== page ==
Then we passed a vast concourse of red-cross tents of every description, proclaiming a hospital.
My men are already gone, with the red-cross corps, to succor whom they can.
The red-cross, of common stuff, was fastened on the poor garments of the peasants.
The origin of the order of red-cross Knights, or Templars, was very different, though its military object was nearly the same.
The red-cross Knight held himself a thrice happy man, and ever as he looked on his dear lady rejoiced anew.
What boy was there through the length and breadth of Britain who did not long to be out with them under the red-cross flag?
These were many, but at present I can only tell you of that in which the red-cross Knight lost his armour.
While the fighting is yet going on the red-cross flags here and there beckon to those who are wounded in the field.
Had the rest done their duty like the women and the army, the red-cross flag would be floating to-day in triumph!
Jimmy says he's never been near enough to a battle to see the red-cross flags on the base hospital.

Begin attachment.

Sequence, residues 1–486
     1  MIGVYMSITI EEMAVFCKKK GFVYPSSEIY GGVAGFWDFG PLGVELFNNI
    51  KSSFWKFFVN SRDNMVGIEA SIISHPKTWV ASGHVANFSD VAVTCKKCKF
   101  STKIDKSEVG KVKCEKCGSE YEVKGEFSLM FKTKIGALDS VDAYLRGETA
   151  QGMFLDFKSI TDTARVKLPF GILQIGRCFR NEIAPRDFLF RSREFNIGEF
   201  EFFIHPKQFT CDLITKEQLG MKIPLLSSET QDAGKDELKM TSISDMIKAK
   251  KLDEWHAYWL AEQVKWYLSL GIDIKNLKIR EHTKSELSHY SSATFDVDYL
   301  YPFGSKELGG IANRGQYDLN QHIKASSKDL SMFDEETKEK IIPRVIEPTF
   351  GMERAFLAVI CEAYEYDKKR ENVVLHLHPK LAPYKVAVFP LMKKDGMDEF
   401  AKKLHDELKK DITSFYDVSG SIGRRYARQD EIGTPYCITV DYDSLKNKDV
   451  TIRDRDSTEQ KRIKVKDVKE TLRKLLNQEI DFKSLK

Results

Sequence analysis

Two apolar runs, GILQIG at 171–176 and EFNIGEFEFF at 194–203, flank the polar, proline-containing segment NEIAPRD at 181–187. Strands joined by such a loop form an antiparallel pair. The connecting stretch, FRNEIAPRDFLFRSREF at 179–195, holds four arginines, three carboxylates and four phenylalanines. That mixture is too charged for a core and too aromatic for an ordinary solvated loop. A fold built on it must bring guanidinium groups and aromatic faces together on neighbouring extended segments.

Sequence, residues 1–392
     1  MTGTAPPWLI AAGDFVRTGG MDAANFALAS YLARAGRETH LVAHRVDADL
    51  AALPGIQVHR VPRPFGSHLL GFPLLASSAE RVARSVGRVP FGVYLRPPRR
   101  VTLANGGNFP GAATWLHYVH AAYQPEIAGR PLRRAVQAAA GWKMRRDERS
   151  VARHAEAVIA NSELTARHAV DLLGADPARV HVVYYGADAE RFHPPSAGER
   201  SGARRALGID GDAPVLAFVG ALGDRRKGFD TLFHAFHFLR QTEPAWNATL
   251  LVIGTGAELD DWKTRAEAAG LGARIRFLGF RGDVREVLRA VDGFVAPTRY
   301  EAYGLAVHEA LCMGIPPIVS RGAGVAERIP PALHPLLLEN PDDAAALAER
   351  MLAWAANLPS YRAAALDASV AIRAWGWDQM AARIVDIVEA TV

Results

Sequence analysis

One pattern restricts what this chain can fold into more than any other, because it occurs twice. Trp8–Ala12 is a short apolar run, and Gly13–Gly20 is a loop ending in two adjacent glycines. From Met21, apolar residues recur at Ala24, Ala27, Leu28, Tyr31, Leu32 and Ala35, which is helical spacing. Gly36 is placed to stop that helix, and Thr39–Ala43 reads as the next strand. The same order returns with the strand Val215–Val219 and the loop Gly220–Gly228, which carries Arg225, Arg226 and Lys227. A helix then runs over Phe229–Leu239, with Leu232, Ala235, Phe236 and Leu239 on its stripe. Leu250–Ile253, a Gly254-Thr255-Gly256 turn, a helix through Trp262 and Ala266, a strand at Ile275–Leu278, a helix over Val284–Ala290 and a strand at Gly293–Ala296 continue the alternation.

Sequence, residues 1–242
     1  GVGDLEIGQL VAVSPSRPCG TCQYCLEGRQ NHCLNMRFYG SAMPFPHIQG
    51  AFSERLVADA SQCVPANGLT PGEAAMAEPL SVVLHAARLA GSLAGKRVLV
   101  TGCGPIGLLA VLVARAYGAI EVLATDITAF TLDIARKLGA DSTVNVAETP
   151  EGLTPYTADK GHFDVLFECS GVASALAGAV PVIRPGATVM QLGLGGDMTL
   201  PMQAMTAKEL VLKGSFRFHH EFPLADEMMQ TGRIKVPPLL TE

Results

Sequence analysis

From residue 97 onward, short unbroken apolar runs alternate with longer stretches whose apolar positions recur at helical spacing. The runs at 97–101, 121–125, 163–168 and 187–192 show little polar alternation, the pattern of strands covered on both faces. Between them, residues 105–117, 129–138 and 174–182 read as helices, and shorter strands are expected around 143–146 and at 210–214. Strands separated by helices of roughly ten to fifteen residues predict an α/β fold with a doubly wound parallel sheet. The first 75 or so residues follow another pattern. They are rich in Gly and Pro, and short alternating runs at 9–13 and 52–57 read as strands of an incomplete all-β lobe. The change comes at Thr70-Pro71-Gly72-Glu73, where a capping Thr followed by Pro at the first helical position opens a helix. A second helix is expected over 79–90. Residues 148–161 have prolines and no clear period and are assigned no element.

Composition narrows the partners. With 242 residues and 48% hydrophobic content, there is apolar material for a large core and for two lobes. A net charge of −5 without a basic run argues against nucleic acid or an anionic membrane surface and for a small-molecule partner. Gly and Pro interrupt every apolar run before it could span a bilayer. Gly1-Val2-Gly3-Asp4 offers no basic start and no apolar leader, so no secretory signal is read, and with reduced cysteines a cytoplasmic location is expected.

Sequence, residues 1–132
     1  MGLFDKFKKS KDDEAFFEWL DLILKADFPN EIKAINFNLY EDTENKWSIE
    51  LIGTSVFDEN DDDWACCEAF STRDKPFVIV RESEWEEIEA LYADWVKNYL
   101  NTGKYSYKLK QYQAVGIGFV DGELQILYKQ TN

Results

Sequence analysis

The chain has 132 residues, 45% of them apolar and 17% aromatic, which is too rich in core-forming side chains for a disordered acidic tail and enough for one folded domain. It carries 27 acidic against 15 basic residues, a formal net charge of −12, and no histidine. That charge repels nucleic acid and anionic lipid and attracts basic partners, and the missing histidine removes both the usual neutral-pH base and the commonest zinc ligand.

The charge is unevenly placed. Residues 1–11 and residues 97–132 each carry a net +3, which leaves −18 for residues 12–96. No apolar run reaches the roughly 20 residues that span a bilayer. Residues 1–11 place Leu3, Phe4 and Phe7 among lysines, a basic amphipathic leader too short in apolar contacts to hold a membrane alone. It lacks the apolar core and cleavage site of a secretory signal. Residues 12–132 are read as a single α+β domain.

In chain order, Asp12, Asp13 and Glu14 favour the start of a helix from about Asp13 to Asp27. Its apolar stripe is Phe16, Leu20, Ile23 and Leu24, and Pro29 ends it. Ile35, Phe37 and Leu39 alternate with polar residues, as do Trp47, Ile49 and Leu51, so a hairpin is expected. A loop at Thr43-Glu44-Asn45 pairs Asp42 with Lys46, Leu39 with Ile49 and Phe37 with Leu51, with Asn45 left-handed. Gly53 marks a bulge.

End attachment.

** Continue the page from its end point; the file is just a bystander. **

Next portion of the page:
early 15c., national emblem of England (St. George's Cross), also the badge of the Order of the Temple. Hence red-cross knight, one bearing such a marking on shield or crest. In 17c., a red cross was the mark placed on the doors of London houses inflected with the plague. Red Cross (in Muslim lands, red crescent) adopted as a symbol of ambulance service 1864 by the Geneva Conference.
Red Cross n.
An international organization that cares for the wounded, sick, and homeless in wartime according to the terms of the Geneva Convention of 1864, and now also during and following natural disasters.
A national branch of the Red Cross.
The Red Cross emblem of this organization, a Geneva cross or a red Greek cross on a white background.